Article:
Caramel. You are the child of Sugar and Cream, born after a hot wedding night. Sweet you are, and your heavenly aroma transports us to paradise. Blond, light-brown, gold, amber, dark-brown, it seems you emulated the rainbow of our human race. Hard, soft, grained, chewy, enrobing or flowing, your nature is versatile, and your texture is multiple. So many desserts, candies, and snacks would lose their soul without you. You are the taste of our childhood, and your comforting smell will forever remind us that we are just grown-up kids. Sweet Caramel, you say “I love You” much better than words…
Caramelization happens when we heat sugar slowly. As the sugar heats up, its molecules break down, and volatile chemicals such as diacetyl are released, giving the color and smell of caramel. The longer the mixture is heated, the darker and bitter it becomes as sugars transform. The temperature of caramelization depends on the type of sugar used: fructose caramelizes at 110°C when glucose and sucrose at about 160°C. Another transformation, called Maillard reaction, happens between the heated amino acids of the ingredients and the sugars, completing the browning and providing a full-bodied taste to caramel. Caramel is one of the most popular flavors in the Western world and now increasingly in Asia and other developing countries. Butterscotch is a particular version of caramel made with brown sugar, a pinch of sea salt, extra butter and sometimes a spoon of good whiskey, but this is not from where it takes its name. Toffees are made of entirely evaporated butterscotch, containing as much as 99% sugar.
Caramel artificial flavoring is widely used in confectionery today to complement, enhance or fully replace natural caramel. A typical caramel flavoring recipe will include diacetyl or short chain fatty acids for the buttery flavor, vanilla extract or vanillin, maltol for the sugary feeling, some fruity notes from lactones, and maybe some smoky notes of guiacol. The recipe also depends whether the mixture will be heated and how much, with what it will blend, etc.. We are here at the border between science, gastronomy, and art.
Caramel notes are the heart of gourmand accords in perfumery. The inclusion of sweet notes started already in the 1970’s, but we had to wait until the big splash made by French fashion designer Thierry Mugler with Angel in 1992 to see it as a trend. Consumers in the 90’s were searching for some anchoring feeling of childhood, to escape from a stressful and meaningless existence. Angel, created by the nose Olivier Cresp, included for the first time molecules of ethyl maltol, providing a powerful caramel note, further sweetened by strawberry and coconut, and contrasted by a floral accord of jasmine, rose and orchid. Patchouli and an oriental base of Vanilla, coumarin, and sandalwood led us back to a more common oriental accord in the dry down phase. The bottle, created by Mugler himself, is also a real work of art. The masculine version of Angel called A*Men is a little less sweet and woodier than Angel, but keeps a recognizable caramel note in the heart.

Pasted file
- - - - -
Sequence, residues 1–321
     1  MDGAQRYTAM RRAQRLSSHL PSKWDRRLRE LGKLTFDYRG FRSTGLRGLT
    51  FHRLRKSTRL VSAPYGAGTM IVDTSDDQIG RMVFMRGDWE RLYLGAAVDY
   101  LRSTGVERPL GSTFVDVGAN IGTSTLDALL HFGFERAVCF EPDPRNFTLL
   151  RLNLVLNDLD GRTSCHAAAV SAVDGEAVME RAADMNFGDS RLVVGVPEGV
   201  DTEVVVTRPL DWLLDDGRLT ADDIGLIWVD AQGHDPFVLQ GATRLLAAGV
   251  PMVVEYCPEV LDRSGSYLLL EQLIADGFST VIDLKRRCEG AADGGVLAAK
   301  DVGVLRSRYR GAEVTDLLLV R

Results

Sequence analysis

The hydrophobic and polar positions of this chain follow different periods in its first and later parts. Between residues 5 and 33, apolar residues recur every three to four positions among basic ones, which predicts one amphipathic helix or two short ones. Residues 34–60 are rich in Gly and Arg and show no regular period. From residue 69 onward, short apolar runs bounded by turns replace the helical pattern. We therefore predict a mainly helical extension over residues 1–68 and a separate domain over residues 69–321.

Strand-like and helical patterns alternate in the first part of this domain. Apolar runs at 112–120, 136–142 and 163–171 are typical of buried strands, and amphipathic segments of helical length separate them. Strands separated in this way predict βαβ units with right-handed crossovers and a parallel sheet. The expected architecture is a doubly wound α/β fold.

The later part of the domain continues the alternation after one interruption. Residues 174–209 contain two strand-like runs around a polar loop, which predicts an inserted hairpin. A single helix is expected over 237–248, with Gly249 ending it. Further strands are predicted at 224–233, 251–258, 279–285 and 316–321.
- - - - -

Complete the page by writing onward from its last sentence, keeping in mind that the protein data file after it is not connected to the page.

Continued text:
With a name like Bonbon, meaning candy in French, we could expect a very sweet juice from this Dutch fashion house of Viktor&Rolf, which perfume line belongs to L’Oreal. In their words, Bonbon is delicious. Created with the intent to fuel desire through a scent so irresistible that one would deem it edible. Caramel characterizes the scent’s evolution. From inception to completion, the caramel notes mature from a sharp, edible top note to softer and milkier in the middle then darkening to add depth to the base note. This fragrance launched in 2014 is built somehow in a similar way as Angel, with a strong caramel note surrounded by fruity accords, on a floral heart and a woody-ambery base. Bonbon is a great fragrance for early Spring festive evenings.
Candy from Prada is another classic gourmand fragrance turning around its caramel note, here supported by vanilla and benzoin, creating a powdery feeling, and some musk for the oriental touch. Reviews are not very generous with Candy, because of its disappointing longevity in comparison with the price. The powdery effect seems to overwhelm the sweetness of the caramel which is not exactly in line with the initial target of this perfume.
With Lira from Casamorati, an old perfume house of Bologna in Italy, resurrected by Xerjoff, we are in the high-end spheres of Italian perfumery, which generally does not leaves much space for gourmand accords. Lira is, however, a beautiful gourmand fragrance, incredibly long-lasting, with a superb blend of caramel and vanilla, freshened by citrus notes and a hint of lavender, with a large bouquet of rose and jasmine. Xerjoff perfumes are not easy to find, but they rarely disappoint the ones who can afford them. The quality and concentration of the ingredients are outstanding. Lira is a perfume for a night at the opera, or anywhere you want to be noticed and admired.
Now, to complete this post with a toffee note, Jimmy Choo Women is the reference. Remember that Toffees are hard caramel candies, with a stronger burnt smell than caramel, and some bitterness as well. The toffee note is blended here with patchouli to create the base of this fragrance, sweet and earthy, powerful yet smooth, while pear, mandarin oranges, and green notes open it with a very fresh and fruity accord. The heart of the perfume is floral with some Tiger orchid note coming right from Malaysia, the country of origin of Jimmy. Orchids do not usually smell, but the art of the perfumer is to imagine an accord that would suit them. What do you think of this one?
That’s all folks; I hope my post this week brought you back to your sweet childhood, that this moment of escapism was resourcing for you and will allow you to wait for my next post, next weekend. (kidding).
Cheers, my friends,